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Wednesday, February 1, 2012

My Response to Wayne Bryan's Letter to the USTA

A couple of weeks ago, an undated letter by Wayne Bryan found its way to Facebook and then out to the Tennis-Prose website, generating a lot of attention in the junior and college tennis communities. At the time, I sent out the link via twitter, promising a response, but I needed time to think about it and then time to write about it, which I didn’t have with the Plaza Cup, Australian Open, Les Petits As and ITA Kickoff Weekend the past couple of weeks.

Because Bryan’s letter is very long and tends to go off in several directions at once (there are multiple 1)s, 2)s etc. rather than consecutively numbered items), it’s difficult to know where to begin my comments, but I’ll start at the top, after a couple of disclosures.

I know Wayne Bryan better than he knows me, having covered many of his clinics, demonstrations, and presentations at junior tournaments and conferences over the past eight years. He loves tennis and is a lot of fun to be around at these events, and his humor comes through in this letter as well. I have no knowledge of his private coaching background and whether he still is involved in developing young players.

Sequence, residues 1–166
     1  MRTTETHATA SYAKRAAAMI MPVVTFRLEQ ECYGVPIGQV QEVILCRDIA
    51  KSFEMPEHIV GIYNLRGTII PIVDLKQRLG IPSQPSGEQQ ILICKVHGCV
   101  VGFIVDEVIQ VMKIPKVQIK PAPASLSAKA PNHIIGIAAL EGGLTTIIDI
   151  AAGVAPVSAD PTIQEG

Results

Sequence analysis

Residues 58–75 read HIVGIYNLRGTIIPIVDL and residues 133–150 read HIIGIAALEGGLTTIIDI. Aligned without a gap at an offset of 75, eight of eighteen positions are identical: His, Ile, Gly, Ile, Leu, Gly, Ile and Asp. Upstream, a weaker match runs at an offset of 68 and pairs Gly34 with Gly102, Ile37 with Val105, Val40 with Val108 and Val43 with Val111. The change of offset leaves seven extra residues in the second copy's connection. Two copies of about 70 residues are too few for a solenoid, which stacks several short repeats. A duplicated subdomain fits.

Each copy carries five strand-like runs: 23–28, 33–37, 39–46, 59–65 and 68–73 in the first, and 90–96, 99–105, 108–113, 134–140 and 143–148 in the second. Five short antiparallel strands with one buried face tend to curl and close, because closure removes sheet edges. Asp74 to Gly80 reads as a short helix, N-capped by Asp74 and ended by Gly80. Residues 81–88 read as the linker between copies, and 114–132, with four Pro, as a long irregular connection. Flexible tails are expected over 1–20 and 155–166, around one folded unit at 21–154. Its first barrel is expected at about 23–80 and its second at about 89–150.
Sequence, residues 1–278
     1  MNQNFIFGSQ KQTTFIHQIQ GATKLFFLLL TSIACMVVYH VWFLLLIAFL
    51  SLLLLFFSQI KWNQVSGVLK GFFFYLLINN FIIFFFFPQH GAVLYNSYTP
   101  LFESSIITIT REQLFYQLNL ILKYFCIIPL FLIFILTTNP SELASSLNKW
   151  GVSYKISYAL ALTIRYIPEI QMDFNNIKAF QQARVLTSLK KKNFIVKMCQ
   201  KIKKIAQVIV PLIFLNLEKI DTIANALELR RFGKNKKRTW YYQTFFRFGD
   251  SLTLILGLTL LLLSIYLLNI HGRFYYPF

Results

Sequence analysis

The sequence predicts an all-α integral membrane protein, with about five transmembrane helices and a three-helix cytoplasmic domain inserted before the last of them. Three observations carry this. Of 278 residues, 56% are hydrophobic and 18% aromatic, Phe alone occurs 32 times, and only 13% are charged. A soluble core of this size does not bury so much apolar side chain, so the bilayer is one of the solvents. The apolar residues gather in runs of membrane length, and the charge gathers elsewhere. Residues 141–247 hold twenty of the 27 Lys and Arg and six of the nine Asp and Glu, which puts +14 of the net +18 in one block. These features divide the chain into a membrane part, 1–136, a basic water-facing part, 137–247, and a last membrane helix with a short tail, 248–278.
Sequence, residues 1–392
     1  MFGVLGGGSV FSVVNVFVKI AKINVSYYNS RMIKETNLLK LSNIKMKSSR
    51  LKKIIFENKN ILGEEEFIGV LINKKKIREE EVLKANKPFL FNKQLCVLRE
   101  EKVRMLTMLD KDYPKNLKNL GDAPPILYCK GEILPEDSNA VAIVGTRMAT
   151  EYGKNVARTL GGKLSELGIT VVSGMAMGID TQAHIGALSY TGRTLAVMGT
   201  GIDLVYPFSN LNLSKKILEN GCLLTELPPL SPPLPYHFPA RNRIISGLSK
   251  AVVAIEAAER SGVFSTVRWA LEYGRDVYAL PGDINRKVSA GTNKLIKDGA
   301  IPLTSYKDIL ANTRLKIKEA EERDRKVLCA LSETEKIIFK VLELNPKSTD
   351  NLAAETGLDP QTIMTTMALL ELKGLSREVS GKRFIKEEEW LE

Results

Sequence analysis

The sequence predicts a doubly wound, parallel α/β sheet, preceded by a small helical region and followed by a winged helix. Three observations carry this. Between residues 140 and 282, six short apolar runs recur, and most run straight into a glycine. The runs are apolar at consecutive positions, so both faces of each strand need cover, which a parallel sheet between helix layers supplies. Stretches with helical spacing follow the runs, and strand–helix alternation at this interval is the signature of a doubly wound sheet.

In the past year, I’ve had assignments for usta.com, covering both the NCAA and Kalamazoo tournaments for them. That doesn’t make me an employee, but I suppose it could be seen as a conflict. More important in the context of this response is that I know many people on the current USTA Player Development staff and consider several of them friends, not just sources or contacts. Much of what Bryan advocates, especially the “Get rid of USTA Player Development altogether,” is not just unrealistic but inflammatory. It minimizes the passion, work ethic and dedication of these USTA employees, who, after all, want the same thing Wayne Bryan wants: American tennis players at the sport’s highest level. That said, the USTA is for all intents and purposes a monopoly—the equivalent of the US Postal Service before UPS and Federal Express (and email) began competing with it. Monopolies are usually big, sprawling organizations with little incentive to listen, although the volunteer nature of the USTA board of directors does add an unusual twist to this analogy. Most coaches and parents feel unable to voice their opinions to the USTA, no doubt feeling such candor may cost their child a grant, a wild card or a camp invitation. Or, they simply don't know who in the organization would be appropriate to contact with their concerns.